SF AIDS Fdtn Executives' Six-Figure
Salaries Continue to Rise
Every spring is the height of the fundraising season for the San Francisco AIDS Foundation, when the agency spends hundreds of thousands of dollars promoting its AIDS Life Cycle ride to Los Angeles and the AIDS Walk in Golden Gate Park. Cardboard pop-ups litter the cafes and stores around town begging for donations, while promotional banners fly from utility poles. There always is plenty of funding for such marketing.
This year is different, it being the 30th anniversary of the first reported cases of what was to become AIDS, and SFAF is sparing no expense to creatively mark the occasion with full-page ads in newspapers and web-based banner spots, and placing a huge cloth red ribbon on Twin Peaks. All of that creativity uses the anniversary to solicit money and keep the foundation in business.
But springtime is also when SFAF makes its latest IRS 990 filing available for public inspection on their web site, and as is always the case whether revenue is down or up, and it's dipped 8 percent from the previous year, there is one thing you can always count on with the foundation's finances. Compensation for the executives always rises and this year's 990 shows no exception to that rule.
Let's go over who earned what last year at SFAF, among the executives named in the 990:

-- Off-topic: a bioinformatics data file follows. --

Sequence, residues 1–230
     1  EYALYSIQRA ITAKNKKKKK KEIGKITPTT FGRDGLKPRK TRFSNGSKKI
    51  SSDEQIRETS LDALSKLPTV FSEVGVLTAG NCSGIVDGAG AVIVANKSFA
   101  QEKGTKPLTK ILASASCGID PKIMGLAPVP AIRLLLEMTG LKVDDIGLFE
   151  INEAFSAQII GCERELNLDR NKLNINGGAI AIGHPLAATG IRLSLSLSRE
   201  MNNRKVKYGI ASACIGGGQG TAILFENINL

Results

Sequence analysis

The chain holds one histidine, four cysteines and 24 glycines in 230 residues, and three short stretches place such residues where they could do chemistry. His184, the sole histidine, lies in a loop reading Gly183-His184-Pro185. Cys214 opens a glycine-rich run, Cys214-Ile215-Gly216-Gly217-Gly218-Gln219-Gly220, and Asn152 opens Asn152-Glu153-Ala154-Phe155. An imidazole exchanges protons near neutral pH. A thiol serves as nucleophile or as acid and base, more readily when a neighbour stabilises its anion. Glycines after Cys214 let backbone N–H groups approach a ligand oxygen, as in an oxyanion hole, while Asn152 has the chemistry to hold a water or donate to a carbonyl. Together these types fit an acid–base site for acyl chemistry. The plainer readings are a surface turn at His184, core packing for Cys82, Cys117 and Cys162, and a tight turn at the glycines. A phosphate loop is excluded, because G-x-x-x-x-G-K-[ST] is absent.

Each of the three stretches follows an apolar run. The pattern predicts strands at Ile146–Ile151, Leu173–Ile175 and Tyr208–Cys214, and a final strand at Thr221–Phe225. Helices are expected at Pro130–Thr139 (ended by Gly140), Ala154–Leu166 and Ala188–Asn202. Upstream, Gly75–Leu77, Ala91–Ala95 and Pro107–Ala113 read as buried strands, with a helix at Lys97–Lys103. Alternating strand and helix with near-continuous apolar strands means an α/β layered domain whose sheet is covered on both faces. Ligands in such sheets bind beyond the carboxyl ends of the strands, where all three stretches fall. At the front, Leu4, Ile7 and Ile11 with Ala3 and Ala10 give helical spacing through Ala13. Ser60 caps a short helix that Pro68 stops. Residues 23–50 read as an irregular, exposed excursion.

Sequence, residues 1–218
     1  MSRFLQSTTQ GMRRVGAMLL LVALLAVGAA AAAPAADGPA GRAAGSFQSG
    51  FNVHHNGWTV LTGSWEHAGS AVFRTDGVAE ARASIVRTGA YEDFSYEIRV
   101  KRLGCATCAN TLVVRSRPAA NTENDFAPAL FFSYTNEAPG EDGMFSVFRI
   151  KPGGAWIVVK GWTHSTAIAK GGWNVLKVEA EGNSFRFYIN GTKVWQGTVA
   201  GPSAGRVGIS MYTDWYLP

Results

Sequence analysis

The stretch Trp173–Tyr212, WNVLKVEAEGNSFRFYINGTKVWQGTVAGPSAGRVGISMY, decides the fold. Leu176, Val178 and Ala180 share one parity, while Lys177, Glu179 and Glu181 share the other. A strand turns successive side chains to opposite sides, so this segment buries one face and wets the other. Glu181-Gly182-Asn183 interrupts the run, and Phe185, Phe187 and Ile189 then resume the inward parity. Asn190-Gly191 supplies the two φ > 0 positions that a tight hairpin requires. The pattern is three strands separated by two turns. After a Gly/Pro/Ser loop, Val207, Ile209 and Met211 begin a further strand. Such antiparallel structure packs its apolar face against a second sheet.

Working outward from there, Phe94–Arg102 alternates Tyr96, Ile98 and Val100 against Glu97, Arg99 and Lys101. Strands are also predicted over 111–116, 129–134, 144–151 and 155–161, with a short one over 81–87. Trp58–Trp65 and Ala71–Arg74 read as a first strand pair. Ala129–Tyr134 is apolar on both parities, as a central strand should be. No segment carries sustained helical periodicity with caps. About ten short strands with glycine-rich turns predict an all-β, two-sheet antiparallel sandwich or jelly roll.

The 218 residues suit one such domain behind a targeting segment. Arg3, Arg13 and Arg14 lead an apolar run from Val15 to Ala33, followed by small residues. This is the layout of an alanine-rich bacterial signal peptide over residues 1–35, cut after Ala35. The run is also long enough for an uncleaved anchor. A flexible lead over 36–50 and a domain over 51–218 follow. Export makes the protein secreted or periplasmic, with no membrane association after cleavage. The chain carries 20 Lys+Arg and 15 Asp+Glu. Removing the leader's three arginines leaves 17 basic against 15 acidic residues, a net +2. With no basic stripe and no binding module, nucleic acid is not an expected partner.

Mark Cloutier, executive director (retired)
Marty Low, chief finance officer
Judy Auerbach, science policy director
Barbara Kimport, development director
Peter Taback, communications director
Christopher Damon, controller
Larry Zapatka, operations director
Christa Brothers, human resources
Total compensation for these eight executives comes to $1,442,467, according to the IRS filing. Clearly, the decline in revenue at SFAF and the recession have had no impact upon the salaries of the top folks at the AIDS charity.
As the local media report on the 30th anniversary of the first AIDS reports and cases among homosexual males, with endless rhapsodizing over the "San Francisco AIDS model" delivery of care and services to people with AIDS and those at-risk of contracting HIV, I've not seen any mention about excessive salaries of executives.
It would greatly help mark this year's milestone if traditional and new media outlets would report not just on the splashy and glossy attention-grabbing red ribbon display on a hillside, or the bike- and walk-a-thons coming up, but also take notice of the where the money goes these days at AIDS organizations.
I know, that's not about to happen, but I can dream of well-rounded and expansive AIDS reporting.